NSA contractor Reality Leigh Winner was charged Saturday with leaking classified documents to The Intercept detailing Russian cyberattacks against electronic voting equipment and more than 100 election officials. The printer she allegedly used to ferret out the documents gave her away to the FBI.
The request for Winner’s arrest warrant states that, out of six people with access to the classified papers, only Winner had ties to the national-security news outlet. The request reads:
The U.S. Government Agency conducted an internal audit to determine who accessed the intelligence reporting since its publication. The U.S. Government Agency determined that six individuals printed this reporting. WINNER was one of these six individuals. A further audit of the six individuals’ desk computers revealed that WINNER had e-mail contact with the News Outlet.
However, the request does not say how the FBI concluded that Winner was indeed the culprit. Consultant Robert Graham reveals in a blog post how investigators decoded the timestamp using microdots embed in printed files, eventually zeroing in on the printer model, serial number, as well as the date and time that printer was accessed.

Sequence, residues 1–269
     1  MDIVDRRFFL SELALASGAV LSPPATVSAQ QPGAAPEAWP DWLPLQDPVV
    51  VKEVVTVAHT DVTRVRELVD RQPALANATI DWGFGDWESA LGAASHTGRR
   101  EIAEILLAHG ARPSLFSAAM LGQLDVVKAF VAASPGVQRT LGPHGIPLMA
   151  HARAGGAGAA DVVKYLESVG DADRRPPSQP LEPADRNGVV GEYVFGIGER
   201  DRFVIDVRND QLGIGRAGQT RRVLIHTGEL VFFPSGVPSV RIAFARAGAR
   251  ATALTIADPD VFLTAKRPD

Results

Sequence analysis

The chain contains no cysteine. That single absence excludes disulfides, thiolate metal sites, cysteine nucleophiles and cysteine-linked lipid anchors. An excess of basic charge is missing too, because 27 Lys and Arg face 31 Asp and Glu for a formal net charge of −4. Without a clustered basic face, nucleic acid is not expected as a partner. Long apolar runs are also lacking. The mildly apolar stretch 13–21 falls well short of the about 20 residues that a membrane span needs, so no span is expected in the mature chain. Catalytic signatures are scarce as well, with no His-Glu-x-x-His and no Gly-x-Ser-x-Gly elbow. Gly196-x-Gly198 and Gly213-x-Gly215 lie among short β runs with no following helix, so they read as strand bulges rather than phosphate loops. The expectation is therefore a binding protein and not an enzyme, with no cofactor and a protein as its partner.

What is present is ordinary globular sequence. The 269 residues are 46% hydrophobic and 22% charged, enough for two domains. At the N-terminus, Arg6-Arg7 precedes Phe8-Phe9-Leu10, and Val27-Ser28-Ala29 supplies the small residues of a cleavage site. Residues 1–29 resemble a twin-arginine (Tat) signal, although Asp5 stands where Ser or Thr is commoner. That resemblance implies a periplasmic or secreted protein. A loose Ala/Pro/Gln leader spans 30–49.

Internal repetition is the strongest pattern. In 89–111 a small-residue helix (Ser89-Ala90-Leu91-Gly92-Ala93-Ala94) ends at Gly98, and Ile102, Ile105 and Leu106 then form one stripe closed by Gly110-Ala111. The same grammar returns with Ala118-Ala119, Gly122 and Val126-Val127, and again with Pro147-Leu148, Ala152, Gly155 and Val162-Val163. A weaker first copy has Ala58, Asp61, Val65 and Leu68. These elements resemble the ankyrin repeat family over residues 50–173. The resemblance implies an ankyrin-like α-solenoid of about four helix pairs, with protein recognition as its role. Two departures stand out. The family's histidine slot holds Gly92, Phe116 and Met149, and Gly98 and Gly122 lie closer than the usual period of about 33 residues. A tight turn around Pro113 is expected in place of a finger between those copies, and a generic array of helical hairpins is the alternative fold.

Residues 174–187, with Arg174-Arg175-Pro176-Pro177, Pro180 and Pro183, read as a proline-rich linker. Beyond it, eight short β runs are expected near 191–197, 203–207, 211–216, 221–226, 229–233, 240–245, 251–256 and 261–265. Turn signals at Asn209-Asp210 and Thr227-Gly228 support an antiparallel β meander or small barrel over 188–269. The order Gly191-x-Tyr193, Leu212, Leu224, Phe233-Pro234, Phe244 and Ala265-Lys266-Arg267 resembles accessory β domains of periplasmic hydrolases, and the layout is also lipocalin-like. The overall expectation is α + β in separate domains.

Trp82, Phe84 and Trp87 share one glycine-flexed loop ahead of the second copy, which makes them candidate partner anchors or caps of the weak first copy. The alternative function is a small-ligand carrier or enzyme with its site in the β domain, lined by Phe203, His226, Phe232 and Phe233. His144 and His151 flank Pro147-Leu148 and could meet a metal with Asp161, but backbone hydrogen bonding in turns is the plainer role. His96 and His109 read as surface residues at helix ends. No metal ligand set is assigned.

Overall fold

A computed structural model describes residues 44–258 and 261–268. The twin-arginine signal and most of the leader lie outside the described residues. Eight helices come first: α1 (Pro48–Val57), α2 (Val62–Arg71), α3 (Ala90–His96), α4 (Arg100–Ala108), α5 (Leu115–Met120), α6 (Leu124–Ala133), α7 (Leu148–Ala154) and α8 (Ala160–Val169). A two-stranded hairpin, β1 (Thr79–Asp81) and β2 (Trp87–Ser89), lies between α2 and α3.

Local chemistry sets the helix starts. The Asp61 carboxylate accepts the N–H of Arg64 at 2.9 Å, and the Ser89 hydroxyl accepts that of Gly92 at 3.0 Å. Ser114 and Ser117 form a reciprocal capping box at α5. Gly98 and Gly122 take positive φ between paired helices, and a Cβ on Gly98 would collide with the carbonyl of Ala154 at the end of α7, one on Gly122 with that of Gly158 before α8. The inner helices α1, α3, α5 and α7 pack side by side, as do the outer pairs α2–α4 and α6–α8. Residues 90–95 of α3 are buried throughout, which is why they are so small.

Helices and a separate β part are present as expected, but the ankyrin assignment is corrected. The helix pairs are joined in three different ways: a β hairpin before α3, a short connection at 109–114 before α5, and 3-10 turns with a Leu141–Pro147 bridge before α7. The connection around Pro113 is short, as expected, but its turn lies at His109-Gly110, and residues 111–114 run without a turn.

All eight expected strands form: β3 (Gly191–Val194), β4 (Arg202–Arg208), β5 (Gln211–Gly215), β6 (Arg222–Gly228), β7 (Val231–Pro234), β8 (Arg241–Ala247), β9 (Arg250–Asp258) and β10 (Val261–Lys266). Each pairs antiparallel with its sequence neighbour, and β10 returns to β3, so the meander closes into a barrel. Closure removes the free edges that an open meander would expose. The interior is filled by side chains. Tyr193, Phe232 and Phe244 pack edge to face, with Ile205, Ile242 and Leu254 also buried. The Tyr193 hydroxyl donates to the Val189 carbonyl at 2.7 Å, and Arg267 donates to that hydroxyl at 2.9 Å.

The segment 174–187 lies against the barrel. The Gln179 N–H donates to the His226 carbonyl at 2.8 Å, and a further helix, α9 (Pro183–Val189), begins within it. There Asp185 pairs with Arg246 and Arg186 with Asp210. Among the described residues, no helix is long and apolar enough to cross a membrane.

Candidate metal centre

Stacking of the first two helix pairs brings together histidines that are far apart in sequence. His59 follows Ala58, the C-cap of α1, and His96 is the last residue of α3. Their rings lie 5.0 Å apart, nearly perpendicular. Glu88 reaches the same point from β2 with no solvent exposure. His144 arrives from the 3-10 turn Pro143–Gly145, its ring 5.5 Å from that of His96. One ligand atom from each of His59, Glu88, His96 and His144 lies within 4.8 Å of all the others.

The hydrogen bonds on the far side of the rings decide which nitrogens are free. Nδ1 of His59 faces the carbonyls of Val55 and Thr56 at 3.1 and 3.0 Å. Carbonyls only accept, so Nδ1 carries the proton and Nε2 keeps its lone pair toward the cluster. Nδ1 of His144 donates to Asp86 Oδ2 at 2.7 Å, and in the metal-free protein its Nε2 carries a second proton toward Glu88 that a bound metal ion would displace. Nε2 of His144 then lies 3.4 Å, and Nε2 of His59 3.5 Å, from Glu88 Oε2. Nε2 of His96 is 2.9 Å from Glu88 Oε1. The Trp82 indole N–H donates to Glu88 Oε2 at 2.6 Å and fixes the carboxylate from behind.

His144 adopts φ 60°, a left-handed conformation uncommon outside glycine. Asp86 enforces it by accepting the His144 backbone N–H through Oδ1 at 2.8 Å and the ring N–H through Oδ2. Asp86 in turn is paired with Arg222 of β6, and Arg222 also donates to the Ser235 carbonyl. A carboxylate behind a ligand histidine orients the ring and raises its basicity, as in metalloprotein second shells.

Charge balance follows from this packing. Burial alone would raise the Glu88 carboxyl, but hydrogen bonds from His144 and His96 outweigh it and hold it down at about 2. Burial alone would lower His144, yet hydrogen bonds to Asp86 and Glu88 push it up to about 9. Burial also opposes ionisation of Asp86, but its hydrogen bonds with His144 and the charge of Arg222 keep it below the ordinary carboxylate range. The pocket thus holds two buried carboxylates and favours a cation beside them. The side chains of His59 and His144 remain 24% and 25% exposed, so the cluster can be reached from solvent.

“The problem is that most new printers print nearly invisibly yellow dots that track down exactly when and where documents, any document, is printed,” Graham says. “Because the NSA logs all printing jobs on its printers, it can use this to match up precisely who printed the document.”
The yellow dots bolster the case made by the FBI, which had already arrested Winner by the time The Intercept had published the classified information online.
Printer steganography is part of a deal struck by the US Secret Service with selected color laser printer manufacturers with the purpose of catching counterfeiters, according to the Electronic Frontier Foundation.
In a 2005 , the EFF expressed dismay that no law prevents the government from abusing this information – i.e. using it beyond criminal counterfeit investigations.
“Underground democracy movements that produce political or religious pamphlets and flyers, like the Russian samizdat of the 1980s, will always need the anonymity of simple paper documents, but this technology makes it easier for governments to find dissenters,” said EFF Senior Staff Attorney Lee Tien. “Even worse, it shows how the government and private industry make backroom deals to weaken our privacy by compromising everyday equipment like printers. The logical next question is: what other deals have been or are being made to ensure that our technology rats on us?”
A dot decoder is available for anyone looking to test the feature, courtesy of the EFF.